Uplink System For High-Altitude Balloons

Most uses of high-altitude balloons are fairly simple: send balloon up, have it beam down measurements and images. While this is indeed straightforward, it is also very limiting. This is why [Dave Akerman] has been working on adding to the HAB balloons he regularly flies. This builds on the work [Dave] did back in 2015 with adding LoRa transceiver RF communication.

Since LoRa transceivers are by definition capable of bidirectional communication, this was very useful for adding simple but essential features such as retransmission of data in case e.g. part of some image or telemetry data is missing. Other interesting things one can do with bidirectional transmission include controlling individual balloons, and having them transmit or relay information between balloons.

A tricky thing which [Dave] describes in the blog post is making sure that both ends of the connection are actually listening using timing settings. The use of encryption is also strongly recommended, unless you want to risk someone hijacking your balloons. This has now all been implemented in the HAB Explora app for Android, as well as the application for Windows.

Header image: Antonino Vara, CC BY 4.0.

10 thoughts on “Uplink System For High-Altitude Balloons

  1. The use of encryption isn’t absolutely necessary to keep folks from “hijacking your baloons”. A command sent entirely in the clear, with a digital signature, would work every bit as well. This is the solution I recommend for Amateur Radio links, where there are rules against obscuring the meaning of a transmission. We generally want to keep encryption off of the ham bands, because ham radio is self-policing and you can’t self-police transmissions you can’t copy.

    In truth, I doubt anyone cares to hijack your balloon. But this is a bit more of a possibility for space satellites. FCC added a rule allowing encryption of control transmissions for them, back in the days when AMSAT built the controller out of discrete logic chips and used exclusive-OR with a constant to obscure the commands. They had no onboard firmware at all, and could boot the computer from a hardware radio modem. These days we have smarter equipment, and encryption isn’t strictly necessary.

    1. Bruce, what would stop someone from listening in on the transmission, copying the digital signature and rebroadcasting with their instruction, that is, if anyone cared enough to try it?

      1. Signatures usually include a checksum of the message, or else it would be useless. That said, a replay attack is still possible, unless you also include a timestamp and have a time limit on messages… But then things are starting to get complicated on the other end as well.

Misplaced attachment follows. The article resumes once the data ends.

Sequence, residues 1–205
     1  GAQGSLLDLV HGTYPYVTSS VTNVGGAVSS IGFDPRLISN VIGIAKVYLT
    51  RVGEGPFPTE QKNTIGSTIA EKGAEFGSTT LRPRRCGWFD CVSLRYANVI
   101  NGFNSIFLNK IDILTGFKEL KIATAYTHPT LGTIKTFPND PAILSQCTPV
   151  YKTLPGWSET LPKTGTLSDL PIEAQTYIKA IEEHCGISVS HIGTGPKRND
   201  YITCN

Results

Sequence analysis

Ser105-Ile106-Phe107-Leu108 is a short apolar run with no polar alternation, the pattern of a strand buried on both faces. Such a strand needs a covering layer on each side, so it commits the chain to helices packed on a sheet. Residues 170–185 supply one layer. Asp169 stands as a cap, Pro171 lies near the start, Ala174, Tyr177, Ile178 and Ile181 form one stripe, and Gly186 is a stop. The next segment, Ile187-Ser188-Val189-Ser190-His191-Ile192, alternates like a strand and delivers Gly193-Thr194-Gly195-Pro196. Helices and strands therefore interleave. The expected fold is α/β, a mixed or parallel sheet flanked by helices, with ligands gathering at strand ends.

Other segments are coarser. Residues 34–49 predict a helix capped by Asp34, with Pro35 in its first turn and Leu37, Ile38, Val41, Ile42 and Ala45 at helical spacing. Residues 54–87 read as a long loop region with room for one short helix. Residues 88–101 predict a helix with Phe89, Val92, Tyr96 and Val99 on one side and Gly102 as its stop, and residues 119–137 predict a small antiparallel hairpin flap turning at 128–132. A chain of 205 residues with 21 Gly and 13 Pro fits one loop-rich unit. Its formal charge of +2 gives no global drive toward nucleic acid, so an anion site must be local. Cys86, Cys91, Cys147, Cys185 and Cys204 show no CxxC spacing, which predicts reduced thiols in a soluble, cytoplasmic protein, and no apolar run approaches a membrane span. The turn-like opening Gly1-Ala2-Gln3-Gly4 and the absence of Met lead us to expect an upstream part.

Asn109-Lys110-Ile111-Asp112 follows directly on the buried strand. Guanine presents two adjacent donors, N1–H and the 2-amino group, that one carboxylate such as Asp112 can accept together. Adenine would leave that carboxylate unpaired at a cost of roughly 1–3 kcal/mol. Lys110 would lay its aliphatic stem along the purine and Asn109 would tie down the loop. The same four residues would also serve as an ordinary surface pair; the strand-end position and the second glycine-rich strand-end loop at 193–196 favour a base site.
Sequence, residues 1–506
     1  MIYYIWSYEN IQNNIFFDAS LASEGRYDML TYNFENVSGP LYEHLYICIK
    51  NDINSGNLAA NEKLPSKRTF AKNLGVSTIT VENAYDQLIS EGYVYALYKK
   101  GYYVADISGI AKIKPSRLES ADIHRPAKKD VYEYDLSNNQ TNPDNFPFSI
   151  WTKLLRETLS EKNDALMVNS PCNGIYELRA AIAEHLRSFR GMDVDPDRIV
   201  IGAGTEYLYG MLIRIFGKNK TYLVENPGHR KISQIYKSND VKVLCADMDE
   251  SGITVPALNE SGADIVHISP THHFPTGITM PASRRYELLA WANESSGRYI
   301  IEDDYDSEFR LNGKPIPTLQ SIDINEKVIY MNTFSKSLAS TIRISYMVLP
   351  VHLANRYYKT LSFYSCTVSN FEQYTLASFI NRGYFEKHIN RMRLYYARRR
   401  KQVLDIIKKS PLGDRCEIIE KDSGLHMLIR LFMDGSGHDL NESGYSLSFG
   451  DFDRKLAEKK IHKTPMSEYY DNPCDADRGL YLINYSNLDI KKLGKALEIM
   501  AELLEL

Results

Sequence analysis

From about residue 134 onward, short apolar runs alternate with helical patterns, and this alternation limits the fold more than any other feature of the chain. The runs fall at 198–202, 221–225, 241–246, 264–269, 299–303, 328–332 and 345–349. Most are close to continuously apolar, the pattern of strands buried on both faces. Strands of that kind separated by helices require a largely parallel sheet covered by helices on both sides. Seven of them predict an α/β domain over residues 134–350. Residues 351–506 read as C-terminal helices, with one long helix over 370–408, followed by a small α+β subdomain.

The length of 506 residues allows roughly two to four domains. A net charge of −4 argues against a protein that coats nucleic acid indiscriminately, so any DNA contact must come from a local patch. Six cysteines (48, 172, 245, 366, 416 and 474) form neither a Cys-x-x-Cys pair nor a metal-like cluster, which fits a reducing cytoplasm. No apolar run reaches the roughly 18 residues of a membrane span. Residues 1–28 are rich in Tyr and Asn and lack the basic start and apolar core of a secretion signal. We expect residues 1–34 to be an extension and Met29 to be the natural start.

2. Depending on the number of critical and/or locked commands, this sounds like the perfect application for simple predefined challenge/response key pairs.

        Plus, if I sent a “cut-down balloon” command, it’s only good for one event anyway. So a replay attack would, if anything, help if the balloon didn’t hear me the first time.

        Source: been here, done this. though the up-link was DTMF ;)

        1. Thanks, Just thinking of the upcoming Revere Aerial Mesh Recon and Operational Decision system (RAMROD) and the adversary counters by listening in and sending the ‘cut-down all’ command, fiction but fun. Maybe for the next Jane Bond flick.

      3. Look at how TLS does it. You verify ownership of the key by asking for some new data to be signed with the key. If you’re not negotiating a cypher suite on the fly like TLS it can just be a random number or time stamp sent in the clear to the signing party instead of the whole session startup.

      4. Replay attacks are why protocol design is such a nightmare. You have to keep track of the most recent timestamp and reject older messages. But then you need to get the initial timestamp sync. And unless you have a trusted clock, you generally have to use challenge response.

        My Mega Quarantine Project was an open encrypted protocol called SG1, and it took WAY too much time. Everything network related always seems to need tons of autonomy to be able to get it’s own sync back on track if connections get lost.

    2. Cool! The pure TTL circuits always fascinated me. It’s a bit like an old NES/Famicom that can slightly glitch sometimes, which makes things more life like, IMHO. ;)

      Speaking of the encryption thing – I guess this is why Amateur Radio Service and Amateur Satellite Service are two different services.
      That way, exceptions and special rules can be applied in a sane way without messing things up. :)

    3. “Amateur Radio links, where there are rules against obscuring the meaning of a transmission”

      So use a 915MHz LoRa, not one of the ones in the 70cm ham band? A smaller gain antenna would be a further benefit.

  2. You can take over my balloon if you want but you might be surprised just how many command codes translate to “navigate directly over source of transmission then release ballast”!

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